Rear-seat kickers? ‘Aromatic’ people? Maybe a Chatty Cathy? Read on…August 19, 2015 12:55
Do you really have to answer that?
A restaurant in Los Angeles offers diners a 5 percent discount if they leave their cell phones at the door—Kipp wonders if such a policy makes good business sense?
August 16, 2012 3:41 by Eva Fernandes
Are you guilty of ‘distracted dining’? You know, you have sat down to a well cooked dinner with an old friend. It has been a while since the two of you met so you decide to go somewhere nice. The food has arrived and just as you are about to sink your teeth into that juicy piece of meat: BUZZ. Your phone is lying face down on the table, vibrating. Should you pick it up? Your finger goes to the ‘silent’ button but just before you can press it, you wonder what if… What if it is that client finally calling to seal the deal? What if it is your boss asking about a pressing deadline? Before you know it, you have turned the phone around and accepted the call. You mouth ‘5 minutes’ to your companion and you know he doesn’t mind but your dinner has already been disrupted and it probably will not be the same ever again.
If you are anything like us, then the above describe too frequent an occurrence in your life that it probably takes some time to realise it is odd behavior. If you find yourself rationalising, ‘everybody does it,’ well then you are so far down you are in need of professional help.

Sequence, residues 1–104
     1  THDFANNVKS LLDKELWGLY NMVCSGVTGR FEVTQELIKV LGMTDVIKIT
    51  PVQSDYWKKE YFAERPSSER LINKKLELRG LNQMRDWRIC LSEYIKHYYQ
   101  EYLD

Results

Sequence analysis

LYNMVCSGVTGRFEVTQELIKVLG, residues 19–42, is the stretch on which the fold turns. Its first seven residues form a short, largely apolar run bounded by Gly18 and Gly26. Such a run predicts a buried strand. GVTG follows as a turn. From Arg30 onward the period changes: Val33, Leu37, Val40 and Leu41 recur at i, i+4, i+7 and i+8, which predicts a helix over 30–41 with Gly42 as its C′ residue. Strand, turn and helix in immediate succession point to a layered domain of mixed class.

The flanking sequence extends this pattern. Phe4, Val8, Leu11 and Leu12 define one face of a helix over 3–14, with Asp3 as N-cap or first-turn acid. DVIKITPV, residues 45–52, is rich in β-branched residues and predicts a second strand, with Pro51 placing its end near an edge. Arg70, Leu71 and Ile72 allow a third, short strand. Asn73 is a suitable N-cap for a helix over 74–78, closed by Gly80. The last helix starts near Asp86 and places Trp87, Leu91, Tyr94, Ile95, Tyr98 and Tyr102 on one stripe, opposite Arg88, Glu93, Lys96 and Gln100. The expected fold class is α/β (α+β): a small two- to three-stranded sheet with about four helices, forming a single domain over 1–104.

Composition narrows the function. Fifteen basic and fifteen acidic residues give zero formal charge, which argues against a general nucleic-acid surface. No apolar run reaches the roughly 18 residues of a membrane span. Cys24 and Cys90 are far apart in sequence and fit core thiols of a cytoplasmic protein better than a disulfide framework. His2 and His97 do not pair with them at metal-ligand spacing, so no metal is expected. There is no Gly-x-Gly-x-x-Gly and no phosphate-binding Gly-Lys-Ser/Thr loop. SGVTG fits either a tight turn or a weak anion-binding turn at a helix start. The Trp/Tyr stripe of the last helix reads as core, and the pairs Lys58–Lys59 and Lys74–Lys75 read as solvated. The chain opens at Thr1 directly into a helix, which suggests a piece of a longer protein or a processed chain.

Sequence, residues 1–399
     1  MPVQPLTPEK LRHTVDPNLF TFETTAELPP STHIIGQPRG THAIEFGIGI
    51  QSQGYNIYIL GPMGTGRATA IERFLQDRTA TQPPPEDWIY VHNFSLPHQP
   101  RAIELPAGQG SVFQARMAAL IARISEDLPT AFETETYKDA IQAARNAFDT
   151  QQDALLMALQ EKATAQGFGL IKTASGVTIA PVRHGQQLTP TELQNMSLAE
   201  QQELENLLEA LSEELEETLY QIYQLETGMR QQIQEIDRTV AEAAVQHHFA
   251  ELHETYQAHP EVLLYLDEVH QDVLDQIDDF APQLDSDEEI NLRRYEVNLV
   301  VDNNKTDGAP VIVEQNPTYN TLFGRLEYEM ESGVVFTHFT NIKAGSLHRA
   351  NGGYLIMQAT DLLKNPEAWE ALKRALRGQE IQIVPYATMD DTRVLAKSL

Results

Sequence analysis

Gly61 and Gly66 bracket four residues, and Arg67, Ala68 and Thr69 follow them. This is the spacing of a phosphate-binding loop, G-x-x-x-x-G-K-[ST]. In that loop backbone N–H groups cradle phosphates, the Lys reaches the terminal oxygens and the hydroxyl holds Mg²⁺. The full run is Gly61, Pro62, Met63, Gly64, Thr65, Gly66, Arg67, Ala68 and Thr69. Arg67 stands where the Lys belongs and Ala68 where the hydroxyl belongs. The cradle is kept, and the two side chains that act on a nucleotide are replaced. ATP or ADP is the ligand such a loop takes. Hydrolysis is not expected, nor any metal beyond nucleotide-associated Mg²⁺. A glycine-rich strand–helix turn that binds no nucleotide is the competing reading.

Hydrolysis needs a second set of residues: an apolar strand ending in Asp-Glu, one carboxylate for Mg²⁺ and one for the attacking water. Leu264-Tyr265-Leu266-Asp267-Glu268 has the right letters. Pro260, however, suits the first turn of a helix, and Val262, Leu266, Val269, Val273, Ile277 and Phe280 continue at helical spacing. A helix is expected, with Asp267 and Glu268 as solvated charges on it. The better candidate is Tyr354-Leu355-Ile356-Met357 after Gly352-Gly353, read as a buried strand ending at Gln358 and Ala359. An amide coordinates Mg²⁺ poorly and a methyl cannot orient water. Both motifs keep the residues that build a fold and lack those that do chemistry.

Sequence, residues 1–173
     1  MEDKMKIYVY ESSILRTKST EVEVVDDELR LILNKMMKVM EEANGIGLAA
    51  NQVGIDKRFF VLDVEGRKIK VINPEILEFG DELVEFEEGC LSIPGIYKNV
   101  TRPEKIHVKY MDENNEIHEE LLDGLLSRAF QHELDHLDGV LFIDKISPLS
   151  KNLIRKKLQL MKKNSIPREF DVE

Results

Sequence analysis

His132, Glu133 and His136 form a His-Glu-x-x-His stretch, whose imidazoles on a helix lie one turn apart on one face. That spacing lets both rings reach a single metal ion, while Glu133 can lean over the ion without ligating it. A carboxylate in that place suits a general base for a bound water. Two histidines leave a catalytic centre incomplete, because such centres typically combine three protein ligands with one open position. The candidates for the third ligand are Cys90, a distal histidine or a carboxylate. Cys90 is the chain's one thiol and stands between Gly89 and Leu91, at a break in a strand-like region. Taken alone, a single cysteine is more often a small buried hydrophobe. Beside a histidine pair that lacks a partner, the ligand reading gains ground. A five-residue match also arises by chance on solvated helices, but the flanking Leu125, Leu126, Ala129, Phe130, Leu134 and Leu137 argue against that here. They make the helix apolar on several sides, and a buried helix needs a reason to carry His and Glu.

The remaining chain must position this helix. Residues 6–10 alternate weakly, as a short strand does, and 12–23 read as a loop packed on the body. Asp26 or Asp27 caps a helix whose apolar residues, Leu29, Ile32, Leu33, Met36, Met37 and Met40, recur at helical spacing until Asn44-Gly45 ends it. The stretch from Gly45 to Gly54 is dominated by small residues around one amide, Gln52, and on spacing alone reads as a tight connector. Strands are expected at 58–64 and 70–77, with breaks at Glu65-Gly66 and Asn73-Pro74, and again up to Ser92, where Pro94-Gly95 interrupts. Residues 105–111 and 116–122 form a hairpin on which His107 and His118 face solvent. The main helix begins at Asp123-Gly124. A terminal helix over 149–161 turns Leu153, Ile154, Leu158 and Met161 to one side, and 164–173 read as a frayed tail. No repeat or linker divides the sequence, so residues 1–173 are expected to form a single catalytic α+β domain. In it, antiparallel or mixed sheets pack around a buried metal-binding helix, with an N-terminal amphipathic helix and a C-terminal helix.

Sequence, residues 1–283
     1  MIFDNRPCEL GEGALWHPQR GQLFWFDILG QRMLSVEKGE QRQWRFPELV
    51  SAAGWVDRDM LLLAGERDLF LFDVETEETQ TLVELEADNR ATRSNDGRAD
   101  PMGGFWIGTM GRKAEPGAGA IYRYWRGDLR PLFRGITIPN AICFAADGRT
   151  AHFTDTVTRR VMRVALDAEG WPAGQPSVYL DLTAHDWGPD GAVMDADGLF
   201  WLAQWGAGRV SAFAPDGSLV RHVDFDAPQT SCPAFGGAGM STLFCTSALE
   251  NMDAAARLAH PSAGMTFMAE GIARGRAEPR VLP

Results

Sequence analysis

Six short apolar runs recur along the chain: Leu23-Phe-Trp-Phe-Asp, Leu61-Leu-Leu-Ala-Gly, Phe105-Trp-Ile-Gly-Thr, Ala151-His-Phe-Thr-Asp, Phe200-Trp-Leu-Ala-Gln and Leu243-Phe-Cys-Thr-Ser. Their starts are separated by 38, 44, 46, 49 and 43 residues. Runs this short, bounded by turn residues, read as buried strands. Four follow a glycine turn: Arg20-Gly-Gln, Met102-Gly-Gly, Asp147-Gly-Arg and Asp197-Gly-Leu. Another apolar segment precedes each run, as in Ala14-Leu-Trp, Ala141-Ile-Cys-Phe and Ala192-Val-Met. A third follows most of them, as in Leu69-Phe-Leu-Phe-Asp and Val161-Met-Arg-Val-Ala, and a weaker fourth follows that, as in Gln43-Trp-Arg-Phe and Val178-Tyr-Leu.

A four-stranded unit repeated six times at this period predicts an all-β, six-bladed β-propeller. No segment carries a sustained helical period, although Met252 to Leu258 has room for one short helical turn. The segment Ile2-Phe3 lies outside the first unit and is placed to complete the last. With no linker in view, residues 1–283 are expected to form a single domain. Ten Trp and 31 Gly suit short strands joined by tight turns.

Or perhaps, if you dined at Eva Restaurant which offers those diners who are willing to leave their cell phones at the door a five percent discount of their bill, well maybe then you could enjoy the pleasures of an un-plugged meal. The policy came about as a result of owner and chef Mark Gold’s desire to ensure his diners enjoyed their meal and connected with their families and friends.”For us, it’s really not about people disrupting other guests. Eva is home, and we want to create that environment of home, and we want people to connect again. It’s about two people sitting together and just connecting, without the distraction of a phone, and we’re trying to create an ambience where you come in and really enjoy the experience and the food and the company” says Gold.
So how popular is the offer? Apparently, quite-according to Golf ‘a little less than half take advantage of the deal’ but no one ever complains.
Ever the fan of being disconnected, Kipp thinks it is a great idea, perhaps more restaurants should implement it. Then again, would banning cell phones from your restaurant actually harm your business in the long run? After all, cell phones are tools not only to receive calls, but also a way for customers to take pictures of their meal. These pictures of a tempting meal will find their way to a social network, whether it is Facebook, Twitter or Instagram, where it could make like-minded people want to make a trip down to your store. On the other hand, a cell phone can also be a tool for check in to a place on foursquare or can be used to avail coupons.
Then again, perhaps diners may associate a no-cell phone policy with richer conversations and come back just to relive those tech-free minutes. Kipp’s a bit divided on this one. What do you think? Do you think there is a place for such a policy here in the Emirates? Or do you think restaurants stand to lose out if they embrace this?